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The meaning of Carl Sandburg's poem "Iron" is that even though instruments of war may be beautiful and romantic, and may excite the young men serving in the military, they are indivisibly connected with death and destruction.
The first stanza, which is almost a shape poem in that it builds out like a gun jutting from the side of a ship, emphasizes the joy the "jackies" (common sailors) feel in serving the "war god" and his shining instruments:
Glory of tan faces, tousled hair, white teeth,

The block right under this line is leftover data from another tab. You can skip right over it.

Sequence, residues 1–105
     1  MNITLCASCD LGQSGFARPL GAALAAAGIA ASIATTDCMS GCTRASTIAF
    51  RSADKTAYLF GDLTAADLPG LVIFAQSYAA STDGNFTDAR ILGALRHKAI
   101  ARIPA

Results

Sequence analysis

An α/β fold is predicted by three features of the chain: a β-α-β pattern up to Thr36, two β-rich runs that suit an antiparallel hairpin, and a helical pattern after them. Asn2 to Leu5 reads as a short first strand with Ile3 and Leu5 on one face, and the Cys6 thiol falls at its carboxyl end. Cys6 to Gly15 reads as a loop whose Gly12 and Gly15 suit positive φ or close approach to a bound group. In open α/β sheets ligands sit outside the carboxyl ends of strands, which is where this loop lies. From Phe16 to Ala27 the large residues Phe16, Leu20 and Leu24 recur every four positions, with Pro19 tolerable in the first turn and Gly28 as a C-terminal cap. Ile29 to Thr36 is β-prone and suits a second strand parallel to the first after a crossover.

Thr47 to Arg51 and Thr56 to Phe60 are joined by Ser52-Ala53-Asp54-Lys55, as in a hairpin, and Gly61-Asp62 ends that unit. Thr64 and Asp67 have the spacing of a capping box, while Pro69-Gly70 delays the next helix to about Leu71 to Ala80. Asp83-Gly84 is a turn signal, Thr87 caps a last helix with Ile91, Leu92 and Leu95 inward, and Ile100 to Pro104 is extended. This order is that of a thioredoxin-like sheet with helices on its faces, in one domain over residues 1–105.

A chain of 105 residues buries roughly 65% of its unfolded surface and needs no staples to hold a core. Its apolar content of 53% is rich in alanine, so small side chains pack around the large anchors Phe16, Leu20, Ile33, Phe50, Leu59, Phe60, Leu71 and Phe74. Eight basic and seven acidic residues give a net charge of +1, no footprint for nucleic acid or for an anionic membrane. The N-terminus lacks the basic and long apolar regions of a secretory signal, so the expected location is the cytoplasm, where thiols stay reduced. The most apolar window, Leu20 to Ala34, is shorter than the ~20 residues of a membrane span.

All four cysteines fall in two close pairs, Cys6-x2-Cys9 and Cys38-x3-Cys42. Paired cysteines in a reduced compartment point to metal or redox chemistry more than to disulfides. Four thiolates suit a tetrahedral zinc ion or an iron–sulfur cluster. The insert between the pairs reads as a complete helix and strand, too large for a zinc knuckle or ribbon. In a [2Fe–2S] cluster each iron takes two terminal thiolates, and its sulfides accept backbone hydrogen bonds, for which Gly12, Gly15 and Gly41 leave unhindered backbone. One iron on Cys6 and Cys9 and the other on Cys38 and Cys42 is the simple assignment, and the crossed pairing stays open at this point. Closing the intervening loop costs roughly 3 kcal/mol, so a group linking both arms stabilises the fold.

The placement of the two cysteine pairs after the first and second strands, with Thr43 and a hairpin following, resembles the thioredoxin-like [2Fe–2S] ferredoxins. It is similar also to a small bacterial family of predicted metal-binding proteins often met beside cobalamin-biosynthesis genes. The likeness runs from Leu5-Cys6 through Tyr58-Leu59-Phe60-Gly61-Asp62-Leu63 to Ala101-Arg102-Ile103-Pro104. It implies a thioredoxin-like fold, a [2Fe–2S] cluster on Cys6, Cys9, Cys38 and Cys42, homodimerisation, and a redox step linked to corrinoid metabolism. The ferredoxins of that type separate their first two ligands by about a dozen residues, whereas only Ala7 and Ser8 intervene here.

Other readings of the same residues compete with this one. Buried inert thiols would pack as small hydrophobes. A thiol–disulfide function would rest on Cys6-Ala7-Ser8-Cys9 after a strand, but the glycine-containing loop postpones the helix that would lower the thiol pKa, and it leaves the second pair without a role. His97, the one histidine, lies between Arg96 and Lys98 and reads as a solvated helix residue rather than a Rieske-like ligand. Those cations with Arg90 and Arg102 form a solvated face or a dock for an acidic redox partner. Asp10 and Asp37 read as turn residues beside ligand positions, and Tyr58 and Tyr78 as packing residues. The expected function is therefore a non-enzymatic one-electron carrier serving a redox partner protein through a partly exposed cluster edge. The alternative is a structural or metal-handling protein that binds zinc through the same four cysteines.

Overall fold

Laughing lithe jackies in white blouses,
Sitting on the guns singing war songs, war chanties.
The next verse, much shorter, turns to another impliment of iron, the shovel. The allusion it has to make is indirect, requiring the reader to think for a moment and so increasing its impact:
Broad, iron shovels,
Scooping out oblong vaults,
Loosening turf and leveling sod.
The key here is "oblong vaults" -- these must be graves, by implication for the "laughing lithe jackies in white blouses" after they have been killed in battle. Thus, the final line, "the shovel is brother to the gun" means that war, no matter how romantic its tools may seem, inevitably entails death.
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